“BNRG are experts in solar energy and as a leading business in their industry it was vital that we provided funding which would enhance and best support the company to help it achieve its ambitions. This next stage of BNRG marks an exciting new chapter for the company and HSBC is pleased to play its part in their expansion, particularly with the positive benefits the projects will have on the environment.”

In addition to providing carbon a reduction to the tune of 10,500 tonnes per year, the four projects built on a cumulative 110 acres will together produce enough electricity to power over 6,500 homes annually for 30 years.

The main construction contractor was Solarcentury, a London based Engineering, Procurement and Construction (EPC) contractor specialising in solar PV projects. The 78,000 solar PV panels required for the projects were supplied by Tata Power Solar, a pioneer in the solar cell and panel manufacturing segment from India. Part of the $108 bn Tata group, the company has been supplying quality modules globally for the last 25 years.

Through these projects BNRG has become Tata Power Solar’s largest international client in 2015, by providing nearly 20 MW of panels to BNRG. Ashish Khanna, their ED & CEO said “UK has seen extraordinary growth in 2015 for solar installations and we see huge potential going forward with BNRG, even in other geographies. We are very proud to have partnered with BNRG over the year and this is a testimony of our best-in-class panels providing reliable and quality power to these projects.”

To date BNRG has developed and constructed solar farms in Greece, Bulgaria and the UK with a combined value of over €200 million. They have completed fourteen utility scale solar projects in the UK since 2011, and expect to have one further 5 Megawatt community financed project constructed and energised by June 2016.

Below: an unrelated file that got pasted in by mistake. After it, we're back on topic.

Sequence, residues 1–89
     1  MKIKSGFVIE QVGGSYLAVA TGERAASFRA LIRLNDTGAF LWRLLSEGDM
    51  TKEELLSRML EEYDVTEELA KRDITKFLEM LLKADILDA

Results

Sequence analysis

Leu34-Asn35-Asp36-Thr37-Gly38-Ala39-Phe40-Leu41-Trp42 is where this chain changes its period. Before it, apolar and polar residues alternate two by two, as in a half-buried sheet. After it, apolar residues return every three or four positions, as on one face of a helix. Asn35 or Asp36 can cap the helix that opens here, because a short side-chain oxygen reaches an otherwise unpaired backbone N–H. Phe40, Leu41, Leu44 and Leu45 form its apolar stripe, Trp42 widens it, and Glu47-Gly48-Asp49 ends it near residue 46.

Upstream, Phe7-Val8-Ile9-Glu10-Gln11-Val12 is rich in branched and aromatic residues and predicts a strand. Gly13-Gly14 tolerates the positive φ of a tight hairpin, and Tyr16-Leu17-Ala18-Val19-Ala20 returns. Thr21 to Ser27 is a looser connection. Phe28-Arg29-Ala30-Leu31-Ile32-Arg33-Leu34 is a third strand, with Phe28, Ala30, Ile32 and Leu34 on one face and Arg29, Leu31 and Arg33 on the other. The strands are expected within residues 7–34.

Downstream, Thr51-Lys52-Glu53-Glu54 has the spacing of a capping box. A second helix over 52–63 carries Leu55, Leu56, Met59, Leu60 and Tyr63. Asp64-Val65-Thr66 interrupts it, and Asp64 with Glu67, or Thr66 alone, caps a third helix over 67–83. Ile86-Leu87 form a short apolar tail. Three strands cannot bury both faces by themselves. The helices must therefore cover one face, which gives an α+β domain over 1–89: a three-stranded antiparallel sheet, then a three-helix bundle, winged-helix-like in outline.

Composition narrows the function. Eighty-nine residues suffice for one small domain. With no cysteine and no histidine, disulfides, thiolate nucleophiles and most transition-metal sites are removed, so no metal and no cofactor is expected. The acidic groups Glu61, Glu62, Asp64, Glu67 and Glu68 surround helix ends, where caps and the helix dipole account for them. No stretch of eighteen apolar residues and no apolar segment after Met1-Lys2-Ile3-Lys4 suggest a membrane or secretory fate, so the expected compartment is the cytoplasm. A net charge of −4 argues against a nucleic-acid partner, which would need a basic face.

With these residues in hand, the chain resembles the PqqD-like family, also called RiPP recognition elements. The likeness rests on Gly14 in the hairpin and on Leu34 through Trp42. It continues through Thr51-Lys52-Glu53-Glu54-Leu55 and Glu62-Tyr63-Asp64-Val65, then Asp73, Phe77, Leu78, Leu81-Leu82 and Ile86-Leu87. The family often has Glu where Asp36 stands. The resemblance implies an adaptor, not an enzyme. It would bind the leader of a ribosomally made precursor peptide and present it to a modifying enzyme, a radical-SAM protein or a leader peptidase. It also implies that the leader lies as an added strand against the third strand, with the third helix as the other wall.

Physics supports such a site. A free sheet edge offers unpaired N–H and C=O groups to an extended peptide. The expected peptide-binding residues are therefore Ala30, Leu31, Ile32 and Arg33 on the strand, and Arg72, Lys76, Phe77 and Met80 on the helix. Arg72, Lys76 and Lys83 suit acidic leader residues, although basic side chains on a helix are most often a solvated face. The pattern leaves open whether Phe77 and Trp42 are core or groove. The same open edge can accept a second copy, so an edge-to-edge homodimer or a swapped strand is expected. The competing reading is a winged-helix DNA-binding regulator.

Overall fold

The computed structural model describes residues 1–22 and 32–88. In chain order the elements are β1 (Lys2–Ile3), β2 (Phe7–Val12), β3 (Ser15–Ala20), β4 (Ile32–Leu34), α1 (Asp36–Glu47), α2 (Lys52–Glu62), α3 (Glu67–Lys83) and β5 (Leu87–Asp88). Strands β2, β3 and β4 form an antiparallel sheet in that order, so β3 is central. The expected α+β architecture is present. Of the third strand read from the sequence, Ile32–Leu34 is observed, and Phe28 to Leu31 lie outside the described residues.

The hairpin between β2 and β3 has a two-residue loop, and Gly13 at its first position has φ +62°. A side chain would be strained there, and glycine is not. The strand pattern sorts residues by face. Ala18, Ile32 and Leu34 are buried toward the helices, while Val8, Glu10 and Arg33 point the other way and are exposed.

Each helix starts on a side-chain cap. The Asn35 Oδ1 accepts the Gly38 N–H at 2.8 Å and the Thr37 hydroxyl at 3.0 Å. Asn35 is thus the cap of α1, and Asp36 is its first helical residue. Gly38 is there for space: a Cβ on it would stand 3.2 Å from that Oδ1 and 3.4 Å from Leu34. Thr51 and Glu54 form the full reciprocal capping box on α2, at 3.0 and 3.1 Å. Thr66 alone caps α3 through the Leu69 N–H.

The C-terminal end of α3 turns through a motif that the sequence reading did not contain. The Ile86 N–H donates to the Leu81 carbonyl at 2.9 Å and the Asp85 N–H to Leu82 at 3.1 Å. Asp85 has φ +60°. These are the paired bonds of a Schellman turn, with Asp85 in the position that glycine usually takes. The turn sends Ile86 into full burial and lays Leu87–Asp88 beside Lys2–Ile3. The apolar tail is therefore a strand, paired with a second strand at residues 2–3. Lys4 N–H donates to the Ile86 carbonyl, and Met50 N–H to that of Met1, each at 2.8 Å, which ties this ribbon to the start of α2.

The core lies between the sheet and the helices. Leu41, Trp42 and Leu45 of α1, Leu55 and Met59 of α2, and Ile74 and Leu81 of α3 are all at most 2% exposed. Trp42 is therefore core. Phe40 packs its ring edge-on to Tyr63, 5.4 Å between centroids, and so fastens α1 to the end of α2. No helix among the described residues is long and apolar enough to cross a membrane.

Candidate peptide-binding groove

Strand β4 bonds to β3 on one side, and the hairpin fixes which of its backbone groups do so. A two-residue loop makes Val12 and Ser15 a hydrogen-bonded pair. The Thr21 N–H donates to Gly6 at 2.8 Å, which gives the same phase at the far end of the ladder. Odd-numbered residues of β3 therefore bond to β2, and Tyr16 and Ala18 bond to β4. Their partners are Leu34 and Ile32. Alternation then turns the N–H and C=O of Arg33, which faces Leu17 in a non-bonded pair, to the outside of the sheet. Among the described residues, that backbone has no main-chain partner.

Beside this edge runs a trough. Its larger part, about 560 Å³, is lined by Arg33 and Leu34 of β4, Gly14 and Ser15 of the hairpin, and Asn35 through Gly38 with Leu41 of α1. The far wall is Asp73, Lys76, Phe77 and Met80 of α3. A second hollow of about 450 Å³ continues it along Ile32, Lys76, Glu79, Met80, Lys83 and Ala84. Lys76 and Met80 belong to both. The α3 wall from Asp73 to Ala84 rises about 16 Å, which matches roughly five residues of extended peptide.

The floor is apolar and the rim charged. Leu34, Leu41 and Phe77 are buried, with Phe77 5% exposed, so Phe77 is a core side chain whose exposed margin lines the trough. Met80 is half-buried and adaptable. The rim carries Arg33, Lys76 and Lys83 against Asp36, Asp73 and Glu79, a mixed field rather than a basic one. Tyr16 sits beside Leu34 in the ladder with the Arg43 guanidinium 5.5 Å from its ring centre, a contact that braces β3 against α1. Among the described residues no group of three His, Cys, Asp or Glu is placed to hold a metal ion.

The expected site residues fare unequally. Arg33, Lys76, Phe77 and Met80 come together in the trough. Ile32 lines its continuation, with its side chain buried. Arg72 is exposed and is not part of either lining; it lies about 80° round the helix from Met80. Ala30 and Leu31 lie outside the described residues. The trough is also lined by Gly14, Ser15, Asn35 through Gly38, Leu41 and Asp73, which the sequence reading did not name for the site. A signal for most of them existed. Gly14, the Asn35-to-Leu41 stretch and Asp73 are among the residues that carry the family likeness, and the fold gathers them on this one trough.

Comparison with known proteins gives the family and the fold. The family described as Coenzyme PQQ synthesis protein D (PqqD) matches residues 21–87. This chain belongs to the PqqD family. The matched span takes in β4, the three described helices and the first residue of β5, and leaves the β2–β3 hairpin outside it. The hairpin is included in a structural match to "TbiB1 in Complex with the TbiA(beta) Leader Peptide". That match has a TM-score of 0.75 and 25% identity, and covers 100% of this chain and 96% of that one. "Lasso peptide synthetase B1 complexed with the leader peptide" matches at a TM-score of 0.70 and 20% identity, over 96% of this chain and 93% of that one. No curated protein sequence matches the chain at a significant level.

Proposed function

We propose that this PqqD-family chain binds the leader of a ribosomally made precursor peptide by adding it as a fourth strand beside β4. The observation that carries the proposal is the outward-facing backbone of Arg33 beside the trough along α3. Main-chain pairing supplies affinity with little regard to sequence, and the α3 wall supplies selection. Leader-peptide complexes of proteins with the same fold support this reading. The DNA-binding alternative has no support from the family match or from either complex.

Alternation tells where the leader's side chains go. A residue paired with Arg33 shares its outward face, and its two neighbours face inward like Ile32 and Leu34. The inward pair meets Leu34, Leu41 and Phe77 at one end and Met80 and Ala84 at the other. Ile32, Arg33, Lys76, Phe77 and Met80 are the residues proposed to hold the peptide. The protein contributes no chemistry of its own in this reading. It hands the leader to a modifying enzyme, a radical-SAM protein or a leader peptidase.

While no large scale solar projects have been constructed in Ireland to date, BNRG Director, David Maguire believes that policy support for solar in Ireland is a matter of time and that we will see the development of solar industry in Ireland in 2017 or 2018. In the last 12 months, ESB Networks have seen a significant number of grid connection applications for solar generation in anticipation of this policy support. In 2014, BNRG Identified Ireland as a core strategic territory and appear to be well positioned in the market. Maguire added that he would be keen to grow the local business after spending over a decade deploying solar in other countries, “it would be nice to bring our knowledge and business back home and deploy the cheapest form of renewable energy after onshore wind in Ireland”.

Solar PV Development in Ireland Featured in Solar Business UK

With EU targets to meet and a political will to diversify away from wind, the Irish market has been seen as a potential safe haven for beleaguered UK developers. Nick Holman, director at BNRG Renewables, explains the challenges for deploying solar PV in Ireland.

With the effective shutdown of the UK solar industry in March of this year, many developers and EPCs are looking across the Irish Sea for new opportunities. While Ireland is not renowned for its sunny weather, solar radiation levels are similar to those found in the Midlands and Wales. As such, the rush is on to secure sites and grid capacity in an effort to get first mover advantage despite the fact that a support mechanism is not expected to be introduced before the end of 2016. That support mechanism is likely to be implemented in mid-2017 after it is approved by Brussels under State Aid regulations.